Higher education is a major expense for many taxpayers. About 66 percent of college graduates from the class of 2017 took out student loans at an average of nearly $30,000, according to U.S. News data.
Whether you're in school or the job force, student loans can help or hurt at tax time. Private and federal student loan borrowers stand to gain from tax breaks, but student loan debt can also cause a tax burden with forgiven or settled loans. Here's what to know.
Tax Credits and Deductions for Students
Tax credits and deductions that apply to educational expenses could reduce your tax bill or increase your refund.
Tax credits. If you paid for education costs (with student loans or not), the IRS allows you to claim the American Opportunity Tax Credit and the Lifetime Learning Credit. Both are tax credits, which reduce the amount of your income subject to tax.
You can claim up to $2,500 each year for up to four years with the American Opportunity Tax Credit. If this credit reduces your income tax to less than zero, you could get a refund. Under the Lifetime Learning Credit, you can claim up to $2,000 per return. It can reduce your tax bill but won't generate a refund.
[Read: Best Private Student Loans.]
Student loan interest deduction. If you pay interest on either private or federal student loans, the student loan interest deduction will let you reduce your taxable income by up to $2,500 annually.
"Congress understands that the cost of college is an incredibly high expense," says Kristin Ingram, CPA and owner of Accounting In Focus, an accounting education website. "This is something they have provided to help people with that expense."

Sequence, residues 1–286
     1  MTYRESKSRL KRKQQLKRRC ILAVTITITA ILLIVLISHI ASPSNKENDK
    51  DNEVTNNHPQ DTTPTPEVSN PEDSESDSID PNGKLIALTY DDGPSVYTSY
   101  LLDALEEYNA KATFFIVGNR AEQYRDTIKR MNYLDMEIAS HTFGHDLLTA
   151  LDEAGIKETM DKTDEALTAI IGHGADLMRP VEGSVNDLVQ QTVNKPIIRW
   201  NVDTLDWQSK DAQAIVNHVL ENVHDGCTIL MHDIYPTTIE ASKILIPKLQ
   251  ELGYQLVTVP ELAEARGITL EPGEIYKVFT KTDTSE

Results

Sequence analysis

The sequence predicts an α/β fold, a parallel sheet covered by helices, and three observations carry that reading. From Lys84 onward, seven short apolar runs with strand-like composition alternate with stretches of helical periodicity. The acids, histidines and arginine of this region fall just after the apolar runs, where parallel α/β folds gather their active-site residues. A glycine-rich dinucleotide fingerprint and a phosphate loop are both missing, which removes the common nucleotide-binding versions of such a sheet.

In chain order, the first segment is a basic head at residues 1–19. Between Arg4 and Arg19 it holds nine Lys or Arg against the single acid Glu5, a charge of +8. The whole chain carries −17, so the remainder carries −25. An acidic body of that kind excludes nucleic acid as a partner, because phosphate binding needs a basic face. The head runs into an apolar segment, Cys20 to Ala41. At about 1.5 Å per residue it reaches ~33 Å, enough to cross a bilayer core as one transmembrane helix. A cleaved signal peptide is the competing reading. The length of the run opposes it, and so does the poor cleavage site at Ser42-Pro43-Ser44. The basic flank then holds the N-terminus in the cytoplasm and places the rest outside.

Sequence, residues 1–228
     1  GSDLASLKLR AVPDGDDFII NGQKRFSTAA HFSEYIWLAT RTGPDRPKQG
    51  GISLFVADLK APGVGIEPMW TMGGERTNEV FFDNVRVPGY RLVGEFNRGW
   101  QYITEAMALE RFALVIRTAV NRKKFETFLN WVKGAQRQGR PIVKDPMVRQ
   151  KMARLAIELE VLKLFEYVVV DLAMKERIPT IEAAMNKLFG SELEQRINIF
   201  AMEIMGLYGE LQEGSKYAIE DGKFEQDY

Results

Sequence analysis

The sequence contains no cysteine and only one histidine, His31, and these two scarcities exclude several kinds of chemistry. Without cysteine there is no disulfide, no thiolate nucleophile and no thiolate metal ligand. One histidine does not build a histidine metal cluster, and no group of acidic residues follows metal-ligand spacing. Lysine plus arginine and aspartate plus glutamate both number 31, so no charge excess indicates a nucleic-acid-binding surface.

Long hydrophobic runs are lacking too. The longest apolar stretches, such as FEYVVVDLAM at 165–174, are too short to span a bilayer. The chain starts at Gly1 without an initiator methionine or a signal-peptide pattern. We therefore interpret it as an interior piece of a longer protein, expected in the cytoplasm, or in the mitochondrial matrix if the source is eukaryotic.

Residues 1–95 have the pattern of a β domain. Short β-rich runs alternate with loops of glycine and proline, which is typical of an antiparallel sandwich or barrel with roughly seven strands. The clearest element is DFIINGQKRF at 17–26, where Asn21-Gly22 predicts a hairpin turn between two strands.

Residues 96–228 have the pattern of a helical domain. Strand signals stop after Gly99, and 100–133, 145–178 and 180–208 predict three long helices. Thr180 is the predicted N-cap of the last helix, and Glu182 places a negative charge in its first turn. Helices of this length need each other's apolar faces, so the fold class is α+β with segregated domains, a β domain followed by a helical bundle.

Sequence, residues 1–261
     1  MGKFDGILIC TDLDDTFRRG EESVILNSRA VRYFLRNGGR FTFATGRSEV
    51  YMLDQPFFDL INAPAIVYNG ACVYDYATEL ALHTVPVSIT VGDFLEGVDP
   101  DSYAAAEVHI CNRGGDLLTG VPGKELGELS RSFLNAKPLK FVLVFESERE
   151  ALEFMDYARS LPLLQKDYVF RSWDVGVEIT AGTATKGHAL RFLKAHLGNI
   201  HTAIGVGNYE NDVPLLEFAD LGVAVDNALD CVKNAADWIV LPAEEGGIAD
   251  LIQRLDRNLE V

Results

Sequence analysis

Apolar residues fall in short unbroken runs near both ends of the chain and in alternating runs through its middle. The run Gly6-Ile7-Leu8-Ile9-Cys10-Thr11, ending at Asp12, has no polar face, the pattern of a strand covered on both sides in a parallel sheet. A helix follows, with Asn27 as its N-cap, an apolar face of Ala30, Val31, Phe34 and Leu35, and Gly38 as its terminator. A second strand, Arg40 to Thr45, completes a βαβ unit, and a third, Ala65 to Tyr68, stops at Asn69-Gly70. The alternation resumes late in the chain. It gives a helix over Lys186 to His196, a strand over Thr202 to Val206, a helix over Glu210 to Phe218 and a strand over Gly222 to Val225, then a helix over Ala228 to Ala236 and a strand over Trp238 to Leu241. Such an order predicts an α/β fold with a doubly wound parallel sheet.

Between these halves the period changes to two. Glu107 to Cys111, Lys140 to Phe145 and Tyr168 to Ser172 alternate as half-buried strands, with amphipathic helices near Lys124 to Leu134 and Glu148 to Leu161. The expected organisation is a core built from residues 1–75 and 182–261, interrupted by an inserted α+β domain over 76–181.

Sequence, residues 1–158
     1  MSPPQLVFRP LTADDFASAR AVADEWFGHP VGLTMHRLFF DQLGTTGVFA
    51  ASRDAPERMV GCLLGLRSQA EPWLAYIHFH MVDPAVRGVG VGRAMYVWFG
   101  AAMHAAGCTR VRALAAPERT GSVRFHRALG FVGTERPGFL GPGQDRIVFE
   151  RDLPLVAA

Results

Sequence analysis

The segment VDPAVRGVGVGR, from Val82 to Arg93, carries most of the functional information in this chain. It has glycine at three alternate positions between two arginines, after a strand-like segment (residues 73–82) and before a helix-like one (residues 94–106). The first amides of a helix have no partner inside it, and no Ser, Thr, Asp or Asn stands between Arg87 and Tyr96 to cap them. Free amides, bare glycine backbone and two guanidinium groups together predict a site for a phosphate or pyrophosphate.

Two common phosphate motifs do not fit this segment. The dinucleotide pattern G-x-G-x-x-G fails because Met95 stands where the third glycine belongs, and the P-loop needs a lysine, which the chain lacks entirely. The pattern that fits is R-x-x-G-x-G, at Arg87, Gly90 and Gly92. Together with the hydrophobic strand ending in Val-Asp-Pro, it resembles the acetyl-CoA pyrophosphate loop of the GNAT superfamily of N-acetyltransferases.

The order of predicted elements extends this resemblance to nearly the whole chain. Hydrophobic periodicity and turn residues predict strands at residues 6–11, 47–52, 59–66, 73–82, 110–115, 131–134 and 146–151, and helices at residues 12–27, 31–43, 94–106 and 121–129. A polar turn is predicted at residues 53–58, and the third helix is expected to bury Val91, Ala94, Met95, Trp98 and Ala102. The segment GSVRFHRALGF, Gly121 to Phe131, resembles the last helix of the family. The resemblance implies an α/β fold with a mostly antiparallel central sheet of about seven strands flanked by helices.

When you reduce the amount of your income subject to taxes, you won't have to pay taxes on that income. And it could push you to a lower tax bracket, which could translate to even more tax savings, Ingram says.
To claim the deduction, you must have used the loan to pay for qualified education expenses for you, your spouse or dependent. Your loan servicer should send you a Form 1098-E that shows how much interest you paid during the tax year. If you used a credit card to pay for qualified expenses and paid interest on the debt, the IRS says you can claim that interest, too.
There are two downsides to the student loan interest deduction, Ingram says. You can only claim the $2,500 deduction once per return, whether you're single or filing jointly. That means if you're paying student loans for yourself and a spouse, you'll only get to claim it once.
What's more, the deduction starts decreasing as you earn more income. Once your modified adjusted gross income is $80,000 or more filing single, or $165,000 or more filing jointly, you're not eligible for the credit at all. "People who tend to rack up a lot of loans are the people who are probably going to hit those thresholds," Ingram says. "So they still have those payments, but they don't get the benefit of that deduction."
If your parents helped pay for your school costs, then you'll need to consider who will claim the tax credits along with the student loan interest deduction. It can be either you or your parents, but not both. The answer comes down to: